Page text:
Teachers unions, like other government-employee unions, are a key player in the left-of-center infrastructure. The national teachers unions — National Education Association (NEA) and American Federation of Teachers (AFT) — are among the largest organizational political players in the United States. Both are heavily aligned with the Democratic Party.
Teachers unions are notable for emphasizing teacher job protections at the expense of student outcomes, most prominently in their extensive campaigns during the COVID-19 pandemic to extend school closures and place onerous mandates on students in schools that did reopen. The unions campaign extensively for “tenure” protections that prevent the removal of incompetent instructors, against the creation of charter schools and other forms of educational competition, and for expansions in the size of state and municipal government.
The National Education Association (NEA) is America’s largest labor union representing nearly three million employees, principally teachers. With affiliates in every state across 14,000 communities, NEA represents teachers, education support professionals, retired teachers, education faculty and staff, substitute teachers, and administrators. It exercises enormous political clout in everything from contract negotiations to issue advocacy and lobbying.
The NEA is a major political player, with its associated political action committees contributing nearly $143.5 million to federal candidates and committees—97% of which supported Democrats and liberals—from 1990 through February 2019. The NEA is also deeply entangled in state and local politics and is a major contributor to left-of-center nonprofit organizations.
The American Federation of Teachers (AFT) is the second-largest teachers’ union in the United States. The union represents roughly 1.5 million members, most of whom work in teaching and education-related jobs as well as nursing. The union is a member of the AFL-CIO. The union and union president Rhonda “Randi” Weingarten are associated with the Democracy Alliance network of liberal mega-donors. Weingarten has led the union since 2008.
The union aligns prominently with its New York City local, the United Federation of Teachers. AFT national presidents Al Shanker, Sandra Feldman, and Randi Weingarten all headed the New York City union before taking the reins of the national group. Heads of the AFT have been prominent leaders in left-progressive education policy, with Weingarten periodically proposed for senior administration positions in Democratic administrations.
Both national teachers’ unions are committed to a left-wing approach to elementary and secondary education. Both also have broader commitments to left-wing “social justice unionism,” an approach to labor activism that emphasizes supporting a broad spectrum of left-wing coalition issues.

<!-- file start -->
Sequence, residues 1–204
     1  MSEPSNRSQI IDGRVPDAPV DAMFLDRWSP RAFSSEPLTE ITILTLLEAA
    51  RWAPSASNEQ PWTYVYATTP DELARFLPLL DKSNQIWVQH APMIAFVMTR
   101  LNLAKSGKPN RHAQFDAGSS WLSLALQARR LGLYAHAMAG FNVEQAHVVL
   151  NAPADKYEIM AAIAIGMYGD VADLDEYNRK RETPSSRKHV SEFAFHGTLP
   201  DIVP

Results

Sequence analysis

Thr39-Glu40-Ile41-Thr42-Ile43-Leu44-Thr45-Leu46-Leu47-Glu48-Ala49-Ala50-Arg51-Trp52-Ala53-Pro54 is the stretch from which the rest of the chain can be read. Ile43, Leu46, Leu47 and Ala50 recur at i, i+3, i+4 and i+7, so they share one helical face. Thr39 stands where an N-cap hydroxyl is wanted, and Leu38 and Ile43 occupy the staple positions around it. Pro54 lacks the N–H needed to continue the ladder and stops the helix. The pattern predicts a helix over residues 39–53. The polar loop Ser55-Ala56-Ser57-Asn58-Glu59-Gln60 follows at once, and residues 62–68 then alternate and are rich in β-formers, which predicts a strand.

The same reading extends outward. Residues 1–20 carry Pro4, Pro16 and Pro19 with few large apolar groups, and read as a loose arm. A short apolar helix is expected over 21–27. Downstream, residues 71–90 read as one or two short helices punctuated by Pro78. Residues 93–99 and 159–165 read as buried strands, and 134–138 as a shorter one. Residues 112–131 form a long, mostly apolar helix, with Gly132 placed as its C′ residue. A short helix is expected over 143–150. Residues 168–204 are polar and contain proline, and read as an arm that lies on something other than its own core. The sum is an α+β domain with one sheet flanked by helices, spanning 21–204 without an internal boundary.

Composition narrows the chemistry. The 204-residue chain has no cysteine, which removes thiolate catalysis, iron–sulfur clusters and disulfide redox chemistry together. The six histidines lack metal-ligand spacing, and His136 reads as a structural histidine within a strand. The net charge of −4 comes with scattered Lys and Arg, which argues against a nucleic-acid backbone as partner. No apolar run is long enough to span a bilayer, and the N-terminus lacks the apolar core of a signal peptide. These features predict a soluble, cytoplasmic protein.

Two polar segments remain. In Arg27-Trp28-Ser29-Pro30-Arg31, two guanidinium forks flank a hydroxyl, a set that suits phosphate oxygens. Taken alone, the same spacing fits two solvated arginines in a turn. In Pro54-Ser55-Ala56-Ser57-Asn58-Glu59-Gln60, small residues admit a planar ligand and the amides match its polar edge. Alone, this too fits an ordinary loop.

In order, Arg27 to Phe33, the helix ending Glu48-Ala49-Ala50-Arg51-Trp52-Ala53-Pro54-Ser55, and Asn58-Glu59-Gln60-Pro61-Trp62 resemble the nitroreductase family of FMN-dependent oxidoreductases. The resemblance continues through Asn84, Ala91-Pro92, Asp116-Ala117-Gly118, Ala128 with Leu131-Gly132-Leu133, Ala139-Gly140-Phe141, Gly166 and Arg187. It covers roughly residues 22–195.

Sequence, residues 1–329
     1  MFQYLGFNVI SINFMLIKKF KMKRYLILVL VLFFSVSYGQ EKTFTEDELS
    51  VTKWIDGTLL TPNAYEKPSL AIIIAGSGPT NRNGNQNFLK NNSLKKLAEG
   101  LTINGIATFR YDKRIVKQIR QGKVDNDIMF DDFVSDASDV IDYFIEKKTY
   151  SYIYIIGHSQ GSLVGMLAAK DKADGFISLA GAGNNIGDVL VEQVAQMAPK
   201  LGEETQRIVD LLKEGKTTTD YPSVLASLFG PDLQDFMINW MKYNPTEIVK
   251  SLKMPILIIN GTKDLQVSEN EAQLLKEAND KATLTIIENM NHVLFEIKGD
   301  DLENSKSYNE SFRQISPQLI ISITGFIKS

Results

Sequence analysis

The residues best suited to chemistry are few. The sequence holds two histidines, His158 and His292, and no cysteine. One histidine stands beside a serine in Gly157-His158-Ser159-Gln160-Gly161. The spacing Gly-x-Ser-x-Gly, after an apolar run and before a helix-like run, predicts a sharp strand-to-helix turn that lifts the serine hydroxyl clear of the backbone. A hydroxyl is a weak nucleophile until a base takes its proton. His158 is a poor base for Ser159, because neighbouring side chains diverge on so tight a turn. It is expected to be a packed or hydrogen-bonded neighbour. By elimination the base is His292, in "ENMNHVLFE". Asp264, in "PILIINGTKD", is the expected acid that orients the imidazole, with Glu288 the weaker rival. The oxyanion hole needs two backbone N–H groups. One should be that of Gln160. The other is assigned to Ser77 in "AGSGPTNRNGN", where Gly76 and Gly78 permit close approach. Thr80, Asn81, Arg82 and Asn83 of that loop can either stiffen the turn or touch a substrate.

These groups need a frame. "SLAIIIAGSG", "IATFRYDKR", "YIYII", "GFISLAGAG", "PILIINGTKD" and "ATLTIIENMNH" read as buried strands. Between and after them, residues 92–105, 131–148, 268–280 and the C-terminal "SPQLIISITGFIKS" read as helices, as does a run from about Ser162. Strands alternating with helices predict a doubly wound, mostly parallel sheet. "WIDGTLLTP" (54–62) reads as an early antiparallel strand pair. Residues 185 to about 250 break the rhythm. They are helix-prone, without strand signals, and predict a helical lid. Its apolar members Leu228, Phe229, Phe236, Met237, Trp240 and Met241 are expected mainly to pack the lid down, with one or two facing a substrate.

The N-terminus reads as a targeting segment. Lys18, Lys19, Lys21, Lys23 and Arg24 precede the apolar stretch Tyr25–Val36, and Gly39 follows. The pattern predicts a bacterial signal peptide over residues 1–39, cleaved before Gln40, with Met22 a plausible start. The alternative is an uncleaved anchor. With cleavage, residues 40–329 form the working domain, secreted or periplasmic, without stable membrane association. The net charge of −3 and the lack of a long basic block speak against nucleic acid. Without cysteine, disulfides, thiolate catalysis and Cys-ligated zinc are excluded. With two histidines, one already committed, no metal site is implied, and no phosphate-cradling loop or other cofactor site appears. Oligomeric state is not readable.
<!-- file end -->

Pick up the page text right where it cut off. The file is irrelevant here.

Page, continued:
Both teachers’ unions support controversial left-progressive pedagogical approaches toward race and sexuality. The NEA has explicitly endorsed critical race theory, resolving at its 2021 national convention to:
Provide an already-created, in-depth, study that critiques empire, white supremacy, anti-Blackness, anti-Indigeneity, racism, patriarchy, cisheteropatriarchy, capitalism, ableism, anthropocentrism, and other forms of power and oppression at the intersections of our society, and that we oppose attempts to ban critical race theory and/or The 1619 Project.
The 2021 resolution was not groundbreaking in the NEA’s ideological approach. In 2018, the union had published a “Racial Justice in Education Resource Guide” delineating a critical race theory-aligned approach to “talking race,” and in 2015 the union’s national assembly had adopted a resolution that “recognized the role that institutional racism plays in our society, including in our schools.”
The AFT has also supported critical race theory-aligned ideologies, hosting controversial radical-left academic Ibram X. Kendi to speak at its 2021 TEACH conference and issuing a special edition of Kendi’s book Stamped for distribution to NAACP youth councils.
Teachers’ unions are also funders and supporters of campaigns to push left-progressive sexuality education. A 2020 ballot measure in Washington state led by Planned Parenthood to “require public schools to provide comprehensive age-appropriate sexual health education” defined as “age-appropriate instruction in human development and reproduction” starting in kindergarten received financial support from the state teachers’ union, the Washington Education Association.
The NEA Health Information Network, a now-defunct nonprofit affiliated with the NEA, participated in “developing and disseminating the 2012 National Sexuality Education Standards: Content and Skills, K–12” devised by the Future of Sex Education Initiative. The Initiative is a project of Advocates for Youth, Answer, and SIECUS, three socially liberal organizations promoting comprehensive sexuality education and left-progressive gender ideology. The NEA’s blog has promoted the sexuality education program adopted by San Francisco.
Teachers unions support numerous labor policies that have the effect of protecting the employment and even classroom status of low-quality teachers and teachers implicated in gross misconduct. The “tenure” policies defended for many years by the United Federation of Teachers in New York City are particularly notorious; the city’s “Absent Teacher Reserve,” popularly known as the “rubber room,” have become emblematic of union-demanded policies that keep teachers accused of misconduct or poor performance on public payrolls even when they are excluded from classrooms.
A 2021 agreement between the UFT and the city is intended to phase out the Absent Teacher Reserve, with teachers assigned to the Reserve for budgetary reasons to be returned to classrooms while those accused of misconduct will not be reassigned. Prior agreements had sought to expedite case hearings and limit delay in the disciplinary process; a critic of the process has argued that it does not do enough to expeditiously dismiss clearly false allegations and that the agreement to speed up disciplinary hearings has not been carried out.